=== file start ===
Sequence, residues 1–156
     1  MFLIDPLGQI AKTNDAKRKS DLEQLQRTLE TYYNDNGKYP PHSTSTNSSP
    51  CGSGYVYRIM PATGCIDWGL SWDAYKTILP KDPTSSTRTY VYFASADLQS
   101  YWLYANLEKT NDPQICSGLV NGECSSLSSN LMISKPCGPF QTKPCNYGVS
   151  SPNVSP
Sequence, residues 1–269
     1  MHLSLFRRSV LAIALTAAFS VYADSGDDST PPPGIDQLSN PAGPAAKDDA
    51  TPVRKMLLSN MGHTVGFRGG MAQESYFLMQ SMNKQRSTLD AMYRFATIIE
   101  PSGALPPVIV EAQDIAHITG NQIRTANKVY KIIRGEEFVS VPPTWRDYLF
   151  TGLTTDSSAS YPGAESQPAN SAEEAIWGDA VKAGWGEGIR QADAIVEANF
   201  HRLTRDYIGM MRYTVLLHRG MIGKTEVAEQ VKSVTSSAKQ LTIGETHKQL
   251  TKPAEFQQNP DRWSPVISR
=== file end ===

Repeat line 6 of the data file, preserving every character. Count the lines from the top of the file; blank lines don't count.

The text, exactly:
Sequence, residues 1–269